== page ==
Tone in Photography – Shades of Grey and Exposure in Auto Mode

Your camera may be able to do all sorts of clever stuff but at the end of the day it isn’t really that clever.

It’s ability to make an image all comes down to the programmes within the camera and sometimes we need to take control and show the camera who really is the boss.

black bird in white background


Sometimes the camera can get confused as it is programmed to assume that every image has an average tone of about 18% grey which is known as the tone in photography.


This is why, sometimes, you struggle to get a photograph to look right even when it looks great to your eyes.

Key Points

  • A camera measures how much light is falling on your scene
  • The ‘tone’ is the difference between the lightest and darkest areas on a photograph
  • The camera programme turns every image to about 18% average grey tone
  • Not every image is 18% grey and this confuses the camera
  • A black cat in a coal cellar is made up of dark tones and the camera will overexpose trying to turn it lighter and closer to 18% grey
  • A white cat in the snow is made up of light tones and the camera will underexpose trying to turn it darker and closer to 18% grey

What is ‘Tone” in Photography

Tone or tonal range has a range of definitions in photography but the use here is to describe the differences between the very darkest part of a photograph and the lightest part of a photograph.

Dark tones are the shadowed areas on a photograph

Light tones are the bright or highlighted areas on a photograph

Our eyes automatically ‘see’ the range of tones in a scene and can distinguish detail in the very bright and very dark areas. However, the camera doesn’t do this automatically and misses some of the detail at the very edges of the tonal range. The camera struggles to define the tone as it assumes that the average tone of the whole image is 18%.

The overall tone in photograph is the average of all the tones. By turning the image to black and white and then blurring it out, the image you end up with is the overall tone and on auto mode this will be about 18% grey.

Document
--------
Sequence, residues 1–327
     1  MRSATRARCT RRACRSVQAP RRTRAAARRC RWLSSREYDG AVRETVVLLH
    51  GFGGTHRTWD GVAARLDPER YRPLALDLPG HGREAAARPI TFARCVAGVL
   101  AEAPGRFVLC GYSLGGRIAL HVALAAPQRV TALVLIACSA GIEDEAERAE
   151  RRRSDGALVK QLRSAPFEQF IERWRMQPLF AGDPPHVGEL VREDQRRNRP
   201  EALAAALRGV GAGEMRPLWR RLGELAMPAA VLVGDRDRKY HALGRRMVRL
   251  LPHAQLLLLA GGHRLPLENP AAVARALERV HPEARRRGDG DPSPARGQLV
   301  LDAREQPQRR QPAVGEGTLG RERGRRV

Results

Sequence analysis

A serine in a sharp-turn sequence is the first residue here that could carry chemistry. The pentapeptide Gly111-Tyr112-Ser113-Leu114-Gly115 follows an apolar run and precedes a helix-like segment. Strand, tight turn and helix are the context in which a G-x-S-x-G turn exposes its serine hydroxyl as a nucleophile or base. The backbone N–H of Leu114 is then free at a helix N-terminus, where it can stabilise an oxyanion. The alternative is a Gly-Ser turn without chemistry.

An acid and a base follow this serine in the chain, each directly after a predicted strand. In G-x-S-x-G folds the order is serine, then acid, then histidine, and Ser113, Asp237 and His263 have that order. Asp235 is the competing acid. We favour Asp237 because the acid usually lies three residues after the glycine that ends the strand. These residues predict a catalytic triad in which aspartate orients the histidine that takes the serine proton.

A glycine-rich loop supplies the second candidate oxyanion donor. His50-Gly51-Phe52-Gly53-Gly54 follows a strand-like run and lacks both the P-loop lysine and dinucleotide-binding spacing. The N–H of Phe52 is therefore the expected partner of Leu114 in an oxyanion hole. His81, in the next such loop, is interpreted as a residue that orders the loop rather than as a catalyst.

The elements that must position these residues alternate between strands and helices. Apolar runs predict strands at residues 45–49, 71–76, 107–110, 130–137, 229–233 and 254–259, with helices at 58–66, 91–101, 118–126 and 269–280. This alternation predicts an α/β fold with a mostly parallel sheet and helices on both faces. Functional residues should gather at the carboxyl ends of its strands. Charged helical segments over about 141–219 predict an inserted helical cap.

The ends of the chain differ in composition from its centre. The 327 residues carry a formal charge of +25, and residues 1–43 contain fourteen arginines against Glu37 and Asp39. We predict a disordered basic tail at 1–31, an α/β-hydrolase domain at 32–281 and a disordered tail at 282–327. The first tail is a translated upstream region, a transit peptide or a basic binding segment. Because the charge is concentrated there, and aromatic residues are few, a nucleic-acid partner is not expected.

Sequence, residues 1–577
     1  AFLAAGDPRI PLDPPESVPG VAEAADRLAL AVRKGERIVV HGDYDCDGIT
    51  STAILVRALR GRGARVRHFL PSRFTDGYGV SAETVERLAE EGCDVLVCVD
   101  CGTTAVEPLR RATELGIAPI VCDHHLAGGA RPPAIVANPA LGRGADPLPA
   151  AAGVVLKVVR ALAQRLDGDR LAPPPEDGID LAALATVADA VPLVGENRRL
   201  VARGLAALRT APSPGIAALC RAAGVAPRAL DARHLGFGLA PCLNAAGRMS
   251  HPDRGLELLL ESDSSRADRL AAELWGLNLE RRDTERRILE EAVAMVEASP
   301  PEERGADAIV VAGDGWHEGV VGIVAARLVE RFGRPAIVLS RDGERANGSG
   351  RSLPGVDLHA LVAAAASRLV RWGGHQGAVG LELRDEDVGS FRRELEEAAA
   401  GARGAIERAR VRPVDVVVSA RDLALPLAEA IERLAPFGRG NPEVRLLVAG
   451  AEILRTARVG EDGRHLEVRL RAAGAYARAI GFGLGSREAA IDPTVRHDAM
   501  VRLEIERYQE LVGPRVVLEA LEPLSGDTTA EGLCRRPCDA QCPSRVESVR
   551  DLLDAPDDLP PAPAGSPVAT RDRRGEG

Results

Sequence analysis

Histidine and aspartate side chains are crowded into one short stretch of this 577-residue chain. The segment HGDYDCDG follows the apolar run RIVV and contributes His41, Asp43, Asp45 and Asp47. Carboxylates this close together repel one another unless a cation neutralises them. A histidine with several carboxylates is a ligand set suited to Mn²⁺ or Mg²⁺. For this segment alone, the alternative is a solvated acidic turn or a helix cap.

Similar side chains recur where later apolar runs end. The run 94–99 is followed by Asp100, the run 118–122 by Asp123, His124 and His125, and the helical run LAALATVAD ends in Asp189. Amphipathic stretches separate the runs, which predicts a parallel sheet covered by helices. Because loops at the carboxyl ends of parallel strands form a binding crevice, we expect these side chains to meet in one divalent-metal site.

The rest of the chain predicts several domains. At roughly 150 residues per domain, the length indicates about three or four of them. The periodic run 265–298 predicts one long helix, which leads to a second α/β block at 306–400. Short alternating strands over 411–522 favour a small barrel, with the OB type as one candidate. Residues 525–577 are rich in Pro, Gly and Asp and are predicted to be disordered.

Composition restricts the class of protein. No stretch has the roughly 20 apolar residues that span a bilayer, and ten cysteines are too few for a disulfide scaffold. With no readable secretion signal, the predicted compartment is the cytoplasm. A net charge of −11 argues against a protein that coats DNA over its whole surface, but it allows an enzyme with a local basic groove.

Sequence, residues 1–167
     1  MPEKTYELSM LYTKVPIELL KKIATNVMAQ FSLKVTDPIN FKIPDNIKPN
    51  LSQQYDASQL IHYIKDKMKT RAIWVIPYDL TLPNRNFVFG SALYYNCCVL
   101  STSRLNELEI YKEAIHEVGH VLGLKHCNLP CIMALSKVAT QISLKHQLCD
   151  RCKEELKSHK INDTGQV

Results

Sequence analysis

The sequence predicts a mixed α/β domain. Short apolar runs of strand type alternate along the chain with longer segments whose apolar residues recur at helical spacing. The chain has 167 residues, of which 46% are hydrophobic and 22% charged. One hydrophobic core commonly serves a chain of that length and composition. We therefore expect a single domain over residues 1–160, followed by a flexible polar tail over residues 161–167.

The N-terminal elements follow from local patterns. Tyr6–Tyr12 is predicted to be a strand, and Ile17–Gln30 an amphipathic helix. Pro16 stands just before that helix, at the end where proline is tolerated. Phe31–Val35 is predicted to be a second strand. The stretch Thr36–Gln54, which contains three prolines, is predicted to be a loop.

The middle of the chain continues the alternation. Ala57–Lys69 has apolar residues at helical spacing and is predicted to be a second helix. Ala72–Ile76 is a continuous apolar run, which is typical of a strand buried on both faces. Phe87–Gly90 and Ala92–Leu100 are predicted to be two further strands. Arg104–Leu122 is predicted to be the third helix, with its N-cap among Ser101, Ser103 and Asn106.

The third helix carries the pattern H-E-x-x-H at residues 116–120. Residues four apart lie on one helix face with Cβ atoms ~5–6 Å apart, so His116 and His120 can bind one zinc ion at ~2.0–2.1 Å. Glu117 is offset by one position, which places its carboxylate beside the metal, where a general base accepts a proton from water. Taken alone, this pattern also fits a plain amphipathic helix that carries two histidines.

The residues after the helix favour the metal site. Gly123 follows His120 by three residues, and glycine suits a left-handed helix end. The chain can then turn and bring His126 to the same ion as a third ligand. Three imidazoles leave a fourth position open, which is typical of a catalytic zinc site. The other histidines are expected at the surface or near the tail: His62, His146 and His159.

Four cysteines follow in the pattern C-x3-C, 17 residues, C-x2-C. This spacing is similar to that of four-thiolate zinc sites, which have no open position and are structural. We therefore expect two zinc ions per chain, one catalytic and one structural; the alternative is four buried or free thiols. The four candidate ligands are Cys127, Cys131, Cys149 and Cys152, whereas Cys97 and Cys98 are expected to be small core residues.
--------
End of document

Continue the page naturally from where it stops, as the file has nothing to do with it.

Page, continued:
A correctly exposed photograph is made up of a range of greys and blacks. Reducing the detail shows the overall tone of the image when all the different tones of the pixels are added up and averaged out. A camera will attempt to correct an exposure in auto mode to make the average grey to be about 18%
A correctly exposed photograph is made up of a range of greys and blacks. Reducing the detail shows the overall tone of the image when all the different tones of the pixels are added up and averaged out. A camera will attempt to correct an exposure in auto mode to make the average grey to be about 18%

Correct Exposure in Photography – tone

When you take a photograph in auto mode your camera will measure the amount of light falling on your subject.
It will juggle the exposure to make sure that the right amount of light passes through the lens and reaches the sensor.

The camera programme will ensure that the photograph you get is not too dark or too light (a bit of a Goldilocks moment as I write this!!)

This is fine for day to day snaps, but the camera will get confused once you try to get a little more adventurous.

The importance of tone in photography is more noticeable when using auto mode and there is little differentiation in tone between objects. It will struggle to capture a black cat in a cellar or a white kitten in the snow as the programme is constantly trying to give the 18% mid-grey average tone. It also won’t want to co-operate if you are trying to get the moody grey sky over a dark landscape or the white butterfly in a field of daisies.

The example below is an arctic tern in black and white against a grey overcast sky.
With the correct exposure there is a good range of black and white and the details are all really clear. When it is over exposed everything is too white and bright and the details are lost. At the opposite extreme when the image is underexposed it is all too dark and all the light details are lost.

On auto mode the camera would really struggle to work out where it should be setting the exposure and will attempt to go for a mid-grey average. This means that it may over or under expose the scene, trying to give the mid-grey tone it is programmed to achieve.

An example of correct exposure in a black and white photograph with over exposure and under exposure demonstrated.

Over Exposure – Too Much Light at Sensor – Image Too White or Bright
Under Exposure – Not Enough light at Sensor – Image too dark or Black

How can I get the correct tone in my photographs?

If you are comfortable shooting on auto mode and don’t want to change then unfortunately you are stuck with an average of about 18% grey on your photographs.

However, it is possible to show the camera who is in charge. By turning your camera off auto you can control how much light reaches the sensor and move away from the mid-grey tones.

You can control the shutter speed, size of the aperture and the ISO which allows you to capture the black cat in the cellar or the white kitten in the snow!

image to demonstrate how camera confuses white and black

Try it out!

If you don’t believe this happens try this little experiment!

Put your camera into auto mode and place two pieces of paper – one white and one black into a well lit area. Make sure there are no shadows, highlights or reflections on the paper.

Fill the whole of your photograph frame with the paper and take a photograph of each sheet. You may be surprised to find that they are both mid-grey!

You can take this further by placing black objects onto black paper or background and white objects onto white paper or background and see how your camera struggles to get the correct exposure or even out on adventures there are moments when this will catch you out!